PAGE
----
As a matter of fact, sources attest that Lalla Fatma’s ancestry goes back to a marabout family affiliated to the Rahmâniyya sufi order, and that her father and brother acted as religious and spiritual guides in their local zâwiya-s. Her own religiosity and piety was widely acknowledged among her people, who used to report thaumaturgical deeds attributed to her. This article discusses how this spiritual aspect helps explain the tremendous popularity she enjoyed among her people in Kabylia, where she was almost considered as a saintly figure. The existing literature on Lalla Fatma tends to overlook this spiritual dimension that we find at the core of the leadership she exercised.

2. Materials and Methods

Materials used in this research can be classified, according to their chronology, into three types. The first type of materials is the primary sources by direct witnesses. The second type includes the earliest secondary sources which go back to the colonial period, and are close in time with the events and protagonists described. The third type concerns secondary material assembled much later.
Historical sources and secondary literature can also be classified into two broad categories according to the position defended by authors, i.e., mainly pro-colonialist or pro-autochtones. It is worth noting that most of the earliest sources, being extracted from colonialist authors, are flawed with their strong advocacy for the ‘civilizing mission’ of the French in Algeria, racial opinions about Arabs, Turks and Kabyles, misconceptions about Islam and the sociology of Kabyles, etc. On the Algerian and Kabyle sides, unfortunately, no written sources dating back to that period give the autochthones’ point of view. As a matter of fact, exaggerations and imprecisions prevail in the oral accounts that still circulate in the region. Even the written records—by colonial writers—of Kabyle songs and poems evoking our heroine, such as in Hanoteau [1] (pp. 126–146), seem to have been chosen carefully so as not to carry anything more than the sorrow that followed the defeat. Nothing has survived from songs or poems which would have celebrated Lalla Fatma in her glorious period.
A major primary source concerning Lalla Fatma is Carrey [2], which is a first-hand detailed testimony by a writer who accompanied the French expedition led by Marshal Jacques-Louis Randon in Kabylia in 1857, at the end of which Lalla Fatma was captured, and the last free bastions of the region submitted to the French rule. His account is full of interesting and precise details; other direct testimonies by French protagonists include Randon [3] (vol. 1, pp. 185–218; pp. 280–364), by the Marshal and Governor General of Algeria himself. Although Randon speaks very little of our heroine per se (see Appendix A which contains the longest quotation about her), his book gives the big picture about the campaign and the military strategy behind its different steps, in addition to the difficulties the French encountered in Kabylia. Oddly enough, secondary literature on our heroine does not make any direct reference to Randon’s Mémoires. Bertherand’s terstimonies [4] (p. 287) & [5] (pp. 124–125) are descriptions made by a French military doctor who took part in the expeditions, and Hun [6], which is the testimony of a French judge present in Kabylia during the events. Aucapitaine [7] (pp. 156–159), another military officer, also claimed to have seen Lalla Fatma.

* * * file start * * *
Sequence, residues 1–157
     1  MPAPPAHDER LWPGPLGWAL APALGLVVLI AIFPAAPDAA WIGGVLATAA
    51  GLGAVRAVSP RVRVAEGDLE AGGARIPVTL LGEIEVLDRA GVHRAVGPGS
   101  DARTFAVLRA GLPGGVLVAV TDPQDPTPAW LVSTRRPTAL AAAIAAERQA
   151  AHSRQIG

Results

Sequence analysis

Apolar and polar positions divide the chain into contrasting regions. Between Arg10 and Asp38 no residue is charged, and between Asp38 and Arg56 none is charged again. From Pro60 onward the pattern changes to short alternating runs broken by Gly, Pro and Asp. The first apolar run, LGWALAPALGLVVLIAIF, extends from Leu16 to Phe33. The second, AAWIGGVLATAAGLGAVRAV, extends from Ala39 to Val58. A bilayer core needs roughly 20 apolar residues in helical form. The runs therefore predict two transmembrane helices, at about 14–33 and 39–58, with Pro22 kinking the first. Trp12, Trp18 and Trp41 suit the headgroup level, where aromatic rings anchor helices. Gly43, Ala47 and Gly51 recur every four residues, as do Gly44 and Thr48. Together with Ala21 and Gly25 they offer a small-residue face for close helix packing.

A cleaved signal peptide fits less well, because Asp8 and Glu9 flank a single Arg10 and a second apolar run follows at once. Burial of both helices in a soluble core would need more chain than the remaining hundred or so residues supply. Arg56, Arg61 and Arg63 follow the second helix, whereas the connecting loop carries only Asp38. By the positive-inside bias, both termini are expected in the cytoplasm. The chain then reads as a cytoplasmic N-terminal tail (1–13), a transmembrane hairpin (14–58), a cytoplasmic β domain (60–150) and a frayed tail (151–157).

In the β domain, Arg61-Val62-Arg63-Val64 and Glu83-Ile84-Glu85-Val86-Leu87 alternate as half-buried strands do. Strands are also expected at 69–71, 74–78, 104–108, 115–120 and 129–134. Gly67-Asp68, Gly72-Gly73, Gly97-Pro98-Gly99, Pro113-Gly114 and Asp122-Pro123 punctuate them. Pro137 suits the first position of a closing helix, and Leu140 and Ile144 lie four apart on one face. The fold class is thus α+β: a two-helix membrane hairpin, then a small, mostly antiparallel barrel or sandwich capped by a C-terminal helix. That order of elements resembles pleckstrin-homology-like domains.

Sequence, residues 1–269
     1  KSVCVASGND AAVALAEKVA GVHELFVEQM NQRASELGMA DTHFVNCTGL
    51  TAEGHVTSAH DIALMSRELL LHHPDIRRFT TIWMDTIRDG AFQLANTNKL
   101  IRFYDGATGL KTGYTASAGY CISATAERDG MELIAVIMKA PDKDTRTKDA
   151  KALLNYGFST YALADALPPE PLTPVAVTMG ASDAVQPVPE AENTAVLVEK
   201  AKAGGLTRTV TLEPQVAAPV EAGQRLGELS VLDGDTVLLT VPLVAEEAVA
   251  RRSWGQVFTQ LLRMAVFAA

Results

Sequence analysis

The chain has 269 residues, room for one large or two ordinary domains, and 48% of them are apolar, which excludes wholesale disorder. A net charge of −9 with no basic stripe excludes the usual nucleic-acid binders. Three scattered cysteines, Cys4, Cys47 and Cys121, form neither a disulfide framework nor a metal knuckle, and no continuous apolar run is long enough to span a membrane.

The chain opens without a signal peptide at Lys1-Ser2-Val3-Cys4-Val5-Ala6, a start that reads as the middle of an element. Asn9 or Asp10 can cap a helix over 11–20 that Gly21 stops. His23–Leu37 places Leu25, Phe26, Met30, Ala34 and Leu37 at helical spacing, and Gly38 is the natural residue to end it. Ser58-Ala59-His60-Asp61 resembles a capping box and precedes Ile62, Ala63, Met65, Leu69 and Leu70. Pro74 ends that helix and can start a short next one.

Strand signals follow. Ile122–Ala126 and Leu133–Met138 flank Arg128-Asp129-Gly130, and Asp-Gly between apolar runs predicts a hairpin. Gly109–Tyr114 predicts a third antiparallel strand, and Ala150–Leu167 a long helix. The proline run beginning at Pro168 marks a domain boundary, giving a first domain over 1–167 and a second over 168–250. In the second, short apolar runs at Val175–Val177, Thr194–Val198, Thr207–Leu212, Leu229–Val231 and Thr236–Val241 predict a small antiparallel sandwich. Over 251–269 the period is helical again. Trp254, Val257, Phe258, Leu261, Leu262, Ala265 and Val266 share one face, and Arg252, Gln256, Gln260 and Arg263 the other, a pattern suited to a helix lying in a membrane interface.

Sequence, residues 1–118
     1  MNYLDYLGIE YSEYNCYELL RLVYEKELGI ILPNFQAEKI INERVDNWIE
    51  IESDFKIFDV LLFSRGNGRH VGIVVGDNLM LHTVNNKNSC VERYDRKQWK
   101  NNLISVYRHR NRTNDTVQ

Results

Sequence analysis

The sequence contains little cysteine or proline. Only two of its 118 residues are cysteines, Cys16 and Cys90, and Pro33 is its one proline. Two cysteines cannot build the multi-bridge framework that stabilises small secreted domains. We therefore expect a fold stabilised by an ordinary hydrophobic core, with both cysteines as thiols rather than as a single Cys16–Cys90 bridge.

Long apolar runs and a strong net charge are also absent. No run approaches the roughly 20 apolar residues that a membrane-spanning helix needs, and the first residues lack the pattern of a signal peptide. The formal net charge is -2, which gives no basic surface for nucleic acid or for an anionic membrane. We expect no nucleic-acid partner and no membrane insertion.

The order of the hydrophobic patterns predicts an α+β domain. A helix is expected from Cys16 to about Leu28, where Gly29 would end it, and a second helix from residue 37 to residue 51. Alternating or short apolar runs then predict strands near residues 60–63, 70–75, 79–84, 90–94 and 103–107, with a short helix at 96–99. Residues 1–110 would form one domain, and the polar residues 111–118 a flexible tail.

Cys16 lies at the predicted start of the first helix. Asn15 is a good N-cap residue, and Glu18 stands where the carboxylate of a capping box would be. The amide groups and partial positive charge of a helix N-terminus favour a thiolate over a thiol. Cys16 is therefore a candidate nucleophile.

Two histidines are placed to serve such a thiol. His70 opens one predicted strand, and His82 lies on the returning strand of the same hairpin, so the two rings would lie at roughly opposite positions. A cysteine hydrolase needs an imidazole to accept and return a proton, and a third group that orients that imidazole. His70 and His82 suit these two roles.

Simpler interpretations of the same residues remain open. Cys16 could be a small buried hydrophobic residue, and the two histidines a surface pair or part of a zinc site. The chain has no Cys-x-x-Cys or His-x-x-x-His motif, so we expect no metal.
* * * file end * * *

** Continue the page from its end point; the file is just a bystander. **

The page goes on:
Our method consists of analyzing primary sources with the aim of extracting facts from the biased explanatory framework in which they were presented. In this regard, we try to trace back these facts to the cultural and spiritual background to which they belong and in which they fit better. We also take into consideration the oral local traditions reported in such works as Feredj [8], which is a serious historical study, and Oussedik [9], which is obviously very romanced. This article highlights the spiritual aspect that the French colonialist chronicles failed to grasp while dealing with such an extraordinary leadership as that of Lalla Fatma. It reframes some of the phenomena observed by them into the landscape of important Islamic notions such as sainthood, or rather, wilâya/walâya and karâmât (prodigies), knowing that this religious and spiritual dimension has been somehow overlooked in the existing literature.
Extensive works undertaken during the colonial period have addressed the religious and spiritual landscape of Algeria at that time, such as Rinn [10], Coppolani & Depont [11], Bel [12], Neveu [13], and Brosselard [14]. Later historians paid particular attention to the Rahmâniyya sufi order, to which Lalla Fatma and her family belonged, such as Sahli’s [15,16] and Clancy-Smith’s [17,18] works. Concerning pre-colonial Kabylia and its social and political structures, we should mention Roberts’s [19] impressive work which is full of insightful remarks about the local context in the region before the arrival of the French. It is also the only available source in English that we know of which has dealt with Lalla Fatma in more than a line (pp. 137, 236, 286).

3. Results

3.1. Family Background

Lalla Fatma is generally considered to have been born around the year 1830—coinciding with the fall of Algiers at the hands of the French—into a family of religious notables (known as marabouts) in the village of Ourdja. Her family descends from a local saint: Sidi Ahmed Ou Mezian. According to Al-Warthilânî [20] (p. 16) as cited by Feredj [8], this ancestor was alive around the year 1740, and he was a renowned scholar who authored “many books about religion” but who also had “an unequalled command of a variety of linguistic disciplines” related to Arabic. Lacoste-Dujardin [21] (p. 107) adds that until today, the saint’s lineage has given Kabylia and Algeria great religious and political leaders, amongst whom the poet Si Mohand U-Lhosine and one of the leaders of the liberation war of 1954: Hocine Aït Ahmed, who also was the founder of the first Algerian opposition party.